I found the monolithic rail a bit on the short side for adding back up iron sights. I am still a dinosaur that likes irons on my rifles so this may be a moot point for most shooters who refer to run optics only. I get that they wanted to keep the rail short for weight savings and probably 95% of the shooters of modern sporting rifles prefer a red dot or Holosight to irons so this will make sense for most of you.

However, if you like irons, you may wish to check out a set by Ultradyne, where the front sight attaches to the barrel threads instead of a rail section. As is, you might give up an inch or two of sight radius mounting irons to the top rail, not a huge deal for a 16″ carbine, but this rifle is really intended for an optic.

All that said, we had no other problems with this rifle.

Rock River Arms RRAGE LAR-15 Rifle: Range Time with the ATN X-Sight 4K Pro 5-20X

I chose to mount an ATN X-Sight 4K Pro 5-20X on the RRAGE. My main reason for doing so was due to the distance between the rings to see if the monolithic upper could accommodate the gap. It certainly did and if you have not played with one of these scopes, they are what I call the IPhone of rifle scopes.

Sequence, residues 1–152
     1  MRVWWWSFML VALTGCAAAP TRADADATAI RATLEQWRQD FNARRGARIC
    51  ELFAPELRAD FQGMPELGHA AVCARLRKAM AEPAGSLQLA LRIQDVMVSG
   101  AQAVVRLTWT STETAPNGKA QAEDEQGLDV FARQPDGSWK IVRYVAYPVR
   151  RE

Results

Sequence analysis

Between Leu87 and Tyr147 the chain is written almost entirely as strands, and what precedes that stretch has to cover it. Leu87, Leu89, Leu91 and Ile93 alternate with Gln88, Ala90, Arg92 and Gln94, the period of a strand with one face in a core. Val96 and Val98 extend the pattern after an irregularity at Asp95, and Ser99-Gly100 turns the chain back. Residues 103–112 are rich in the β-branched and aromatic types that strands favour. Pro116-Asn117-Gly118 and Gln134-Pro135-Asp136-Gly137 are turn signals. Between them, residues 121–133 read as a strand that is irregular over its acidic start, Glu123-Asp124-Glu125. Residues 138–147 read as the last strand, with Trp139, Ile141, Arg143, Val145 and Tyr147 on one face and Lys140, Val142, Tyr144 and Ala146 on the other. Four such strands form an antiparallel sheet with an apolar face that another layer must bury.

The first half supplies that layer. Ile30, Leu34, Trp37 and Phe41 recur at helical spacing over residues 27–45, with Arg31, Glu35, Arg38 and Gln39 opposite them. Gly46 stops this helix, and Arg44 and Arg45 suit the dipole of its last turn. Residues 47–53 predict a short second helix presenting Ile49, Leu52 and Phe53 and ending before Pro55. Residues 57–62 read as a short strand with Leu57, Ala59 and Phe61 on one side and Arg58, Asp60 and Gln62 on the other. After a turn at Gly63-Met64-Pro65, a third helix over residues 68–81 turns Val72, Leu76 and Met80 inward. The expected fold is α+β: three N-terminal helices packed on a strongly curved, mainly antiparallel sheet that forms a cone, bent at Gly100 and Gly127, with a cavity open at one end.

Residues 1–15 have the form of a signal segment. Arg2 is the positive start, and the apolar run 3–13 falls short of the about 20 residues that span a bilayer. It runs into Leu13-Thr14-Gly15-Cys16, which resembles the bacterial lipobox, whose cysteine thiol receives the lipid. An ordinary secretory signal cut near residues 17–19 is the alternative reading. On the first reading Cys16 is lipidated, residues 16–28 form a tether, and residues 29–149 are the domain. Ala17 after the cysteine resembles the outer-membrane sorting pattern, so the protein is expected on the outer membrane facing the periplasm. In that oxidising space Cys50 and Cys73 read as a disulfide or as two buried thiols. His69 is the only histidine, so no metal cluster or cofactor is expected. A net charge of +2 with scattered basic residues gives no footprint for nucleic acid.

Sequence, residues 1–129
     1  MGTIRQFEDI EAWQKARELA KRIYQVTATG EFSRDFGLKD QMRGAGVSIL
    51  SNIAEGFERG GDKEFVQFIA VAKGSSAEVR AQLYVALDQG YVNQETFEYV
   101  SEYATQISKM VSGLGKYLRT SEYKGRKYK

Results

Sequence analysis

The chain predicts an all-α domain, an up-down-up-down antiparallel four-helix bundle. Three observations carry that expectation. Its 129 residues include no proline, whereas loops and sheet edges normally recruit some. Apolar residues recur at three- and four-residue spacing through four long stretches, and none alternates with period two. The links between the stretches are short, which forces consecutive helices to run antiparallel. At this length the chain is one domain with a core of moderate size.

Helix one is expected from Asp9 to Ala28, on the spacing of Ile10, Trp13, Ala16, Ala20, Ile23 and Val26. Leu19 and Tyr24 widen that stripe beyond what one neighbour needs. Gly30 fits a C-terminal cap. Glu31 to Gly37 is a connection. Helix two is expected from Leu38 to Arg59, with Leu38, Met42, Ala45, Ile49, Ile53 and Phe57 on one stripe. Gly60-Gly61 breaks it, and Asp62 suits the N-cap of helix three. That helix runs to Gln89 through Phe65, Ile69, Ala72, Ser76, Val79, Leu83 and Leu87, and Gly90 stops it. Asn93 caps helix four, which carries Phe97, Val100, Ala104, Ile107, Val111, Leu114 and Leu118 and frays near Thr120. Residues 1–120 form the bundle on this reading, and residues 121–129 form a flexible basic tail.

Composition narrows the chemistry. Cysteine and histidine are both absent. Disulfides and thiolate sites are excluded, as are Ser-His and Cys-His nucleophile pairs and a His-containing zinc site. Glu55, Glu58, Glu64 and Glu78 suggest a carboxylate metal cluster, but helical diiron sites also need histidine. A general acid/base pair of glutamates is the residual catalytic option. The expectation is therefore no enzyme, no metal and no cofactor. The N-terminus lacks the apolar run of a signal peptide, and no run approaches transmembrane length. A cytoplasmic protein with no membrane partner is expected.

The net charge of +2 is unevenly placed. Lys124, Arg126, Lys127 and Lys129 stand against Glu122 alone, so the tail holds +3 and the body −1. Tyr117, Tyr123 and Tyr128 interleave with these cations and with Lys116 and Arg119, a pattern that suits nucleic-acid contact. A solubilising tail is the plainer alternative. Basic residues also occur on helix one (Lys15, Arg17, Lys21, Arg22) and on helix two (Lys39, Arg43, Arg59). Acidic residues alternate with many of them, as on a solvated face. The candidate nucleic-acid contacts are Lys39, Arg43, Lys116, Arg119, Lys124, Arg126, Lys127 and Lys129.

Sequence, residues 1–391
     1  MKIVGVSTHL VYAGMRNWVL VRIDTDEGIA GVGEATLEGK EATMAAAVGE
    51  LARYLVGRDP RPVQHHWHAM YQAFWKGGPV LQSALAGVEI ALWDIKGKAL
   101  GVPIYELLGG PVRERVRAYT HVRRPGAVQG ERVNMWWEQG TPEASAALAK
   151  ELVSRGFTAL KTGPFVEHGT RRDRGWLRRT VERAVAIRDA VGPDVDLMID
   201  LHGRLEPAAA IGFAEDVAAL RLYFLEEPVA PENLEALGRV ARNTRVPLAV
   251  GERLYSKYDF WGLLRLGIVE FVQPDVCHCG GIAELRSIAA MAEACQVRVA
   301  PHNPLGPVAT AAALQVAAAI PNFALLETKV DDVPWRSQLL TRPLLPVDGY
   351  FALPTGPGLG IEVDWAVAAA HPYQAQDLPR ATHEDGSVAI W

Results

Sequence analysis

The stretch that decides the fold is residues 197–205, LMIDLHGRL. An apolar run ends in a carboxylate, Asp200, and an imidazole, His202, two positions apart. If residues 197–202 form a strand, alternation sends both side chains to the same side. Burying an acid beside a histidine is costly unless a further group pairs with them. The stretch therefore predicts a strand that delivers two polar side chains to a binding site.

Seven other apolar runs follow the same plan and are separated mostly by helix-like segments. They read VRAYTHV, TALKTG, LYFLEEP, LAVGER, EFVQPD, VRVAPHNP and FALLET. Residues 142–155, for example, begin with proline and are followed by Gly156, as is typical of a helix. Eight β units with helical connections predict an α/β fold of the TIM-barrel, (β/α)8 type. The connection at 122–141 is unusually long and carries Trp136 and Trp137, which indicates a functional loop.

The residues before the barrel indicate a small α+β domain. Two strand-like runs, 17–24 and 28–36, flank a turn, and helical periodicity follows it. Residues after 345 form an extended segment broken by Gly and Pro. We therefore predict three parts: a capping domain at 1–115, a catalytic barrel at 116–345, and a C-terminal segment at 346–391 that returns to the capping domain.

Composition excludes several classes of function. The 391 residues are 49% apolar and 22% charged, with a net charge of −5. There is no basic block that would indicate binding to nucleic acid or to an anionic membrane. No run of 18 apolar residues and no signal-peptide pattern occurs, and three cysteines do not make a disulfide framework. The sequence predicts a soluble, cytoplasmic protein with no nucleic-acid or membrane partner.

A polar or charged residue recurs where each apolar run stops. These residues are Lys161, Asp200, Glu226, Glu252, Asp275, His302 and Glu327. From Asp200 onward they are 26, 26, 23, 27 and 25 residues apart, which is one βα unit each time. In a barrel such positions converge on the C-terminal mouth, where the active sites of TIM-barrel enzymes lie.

Rock River Arms RRAGE Carbine LAR-15Rock River Arms RRAGE Carbine LAR-15
Rock River Arms RRAGE Carbine LAR-15 with ATN Day/Night scope

This is a digital day/night scope.

Standard optical night vision devices amplify ambient light from natural sources, such as the moon and stars, or manmade sources, such as distant streetlights through an intensifier tube, which projects an amplified image onto a phosphor screen before the eyepiece. Digital night vision, on the other hand, processes the external light within a coupling device and projects it to a liquid crystal display (LCD). As a result, digital night vision devices can be used in daylight, as well.